6 Original And Insane Staircases From Around The World

There isn't too much to a standard set of stairs. They go up and they come down, connecting the floors, and the most you expect is that they don't collapse under your weight. But straight up and down can be so boring. Some stairs, however, reach up outside the box of ordinary design and present us with something different. Here are six of the most original and slightly insane.

Lello Bookstore, Portugal

Inside this beautiful bookshop in central Porto, Portugal lies the most ornate and beautiful gothic and art nouveau-inspired staircase. From above the red floored stairs fan out like a whirlpool before reaching in both directions and the underneath is just as astonishing as the top. The bookshop is said to have inspired JK Rowling while writing the Harry Potter series and it's not hard to see why.


Jamestown, Saint Helena

You wouldn't want to be faint of heights when facing this steep decline. Jamestown is the capital of the island of Saint Helena in the South Atlantic Ocean and as it's built on igneous rock, in a narrow divide, and surrounded by steep cliffs, it's rather difficult to negotiate. Jacob's Ladder is a famous set of dangerously steep steps into the town and now is a tourist attraction. The stairs are lit at night and a timed run takes place each year.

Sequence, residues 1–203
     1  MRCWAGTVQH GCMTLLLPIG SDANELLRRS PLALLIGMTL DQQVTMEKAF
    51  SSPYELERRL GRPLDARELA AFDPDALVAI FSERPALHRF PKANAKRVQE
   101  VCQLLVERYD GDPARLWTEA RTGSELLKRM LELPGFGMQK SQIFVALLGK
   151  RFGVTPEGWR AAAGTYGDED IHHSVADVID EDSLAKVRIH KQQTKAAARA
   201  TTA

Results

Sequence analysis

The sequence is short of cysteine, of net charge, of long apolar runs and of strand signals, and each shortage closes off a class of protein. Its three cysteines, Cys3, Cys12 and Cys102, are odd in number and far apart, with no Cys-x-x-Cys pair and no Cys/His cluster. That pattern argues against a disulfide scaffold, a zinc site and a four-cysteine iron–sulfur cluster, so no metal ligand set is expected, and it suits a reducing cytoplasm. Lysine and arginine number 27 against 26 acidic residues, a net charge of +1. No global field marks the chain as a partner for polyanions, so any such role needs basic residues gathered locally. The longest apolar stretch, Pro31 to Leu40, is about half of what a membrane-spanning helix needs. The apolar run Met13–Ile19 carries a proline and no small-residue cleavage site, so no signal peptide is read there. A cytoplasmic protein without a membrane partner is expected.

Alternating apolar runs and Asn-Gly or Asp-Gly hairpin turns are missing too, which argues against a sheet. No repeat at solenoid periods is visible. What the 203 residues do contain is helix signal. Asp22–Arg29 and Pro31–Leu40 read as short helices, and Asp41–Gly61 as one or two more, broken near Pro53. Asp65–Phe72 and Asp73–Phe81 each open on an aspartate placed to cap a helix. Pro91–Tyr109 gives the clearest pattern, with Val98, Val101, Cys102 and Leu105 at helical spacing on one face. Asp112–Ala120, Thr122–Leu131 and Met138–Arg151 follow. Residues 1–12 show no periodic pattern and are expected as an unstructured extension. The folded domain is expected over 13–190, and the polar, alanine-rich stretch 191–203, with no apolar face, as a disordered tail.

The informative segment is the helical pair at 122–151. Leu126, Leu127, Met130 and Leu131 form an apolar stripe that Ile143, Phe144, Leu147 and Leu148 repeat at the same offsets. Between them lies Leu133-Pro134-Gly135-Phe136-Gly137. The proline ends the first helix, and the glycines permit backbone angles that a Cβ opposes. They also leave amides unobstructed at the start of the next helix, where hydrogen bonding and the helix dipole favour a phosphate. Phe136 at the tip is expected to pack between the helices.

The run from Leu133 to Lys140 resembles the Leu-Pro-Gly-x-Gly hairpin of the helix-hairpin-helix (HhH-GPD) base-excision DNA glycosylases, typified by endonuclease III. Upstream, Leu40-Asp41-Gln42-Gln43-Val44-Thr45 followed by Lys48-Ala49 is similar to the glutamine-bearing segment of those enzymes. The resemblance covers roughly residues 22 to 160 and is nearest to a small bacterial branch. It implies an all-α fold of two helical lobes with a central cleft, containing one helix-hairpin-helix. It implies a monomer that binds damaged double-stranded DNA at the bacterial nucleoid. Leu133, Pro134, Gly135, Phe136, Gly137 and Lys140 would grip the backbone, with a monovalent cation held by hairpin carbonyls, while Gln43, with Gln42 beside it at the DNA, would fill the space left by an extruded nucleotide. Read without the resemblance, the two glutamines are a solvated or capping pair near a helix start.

This beautiful museum of old and new art in New Zealand is a quite the piece of work itself. Magnificent and dream-like, the stair sequence of steel and concrete stairs and walkways twist and turn in unexpected ways throughout the building to deliver the viewer to the next level. No matter the exhibition, these stairs steal the show.


Akita Museum

The Akita museum in Japan, built by Japanese award-winning architect Tadao Ando, is a contemporary building in design and dedicated entirely to the artist Tsuguharu Foujita. Foujita was a Japanese-French painter who was highly regarded for bringing japanese ink-style paintings to the west. These stairs designed by Ando, appear to hang, almost invisibly in the air, inside the museum.


Reformed Church of Ijssekstein

This beautiful church showcases its use of clay Dutch bricks and the in dutch building style that favours durability along with simple, beautiful design. What makes this staircase interesting is the inside-out approach, where the stairs appears dangerously unsupported but is really a celebrations of engineering and architectural design.


Chand baori

Why have one staircase when you can have lots of tiny little ones? Abhaneri is a village in the district of Rajasthan in India and Chand Baori is one of the most famous landmarks. There are 3,500 narrow steps to descend which makes it the deepest and largest stepwells in India. Built between AD 800 and AD 900 it was dedicated to Hashat Mata, the Goddess of Joy and Happiness. As the air is generally 5-6 degrees cooler than at the surface, locals gathered at the bottom for activities at the height of summer.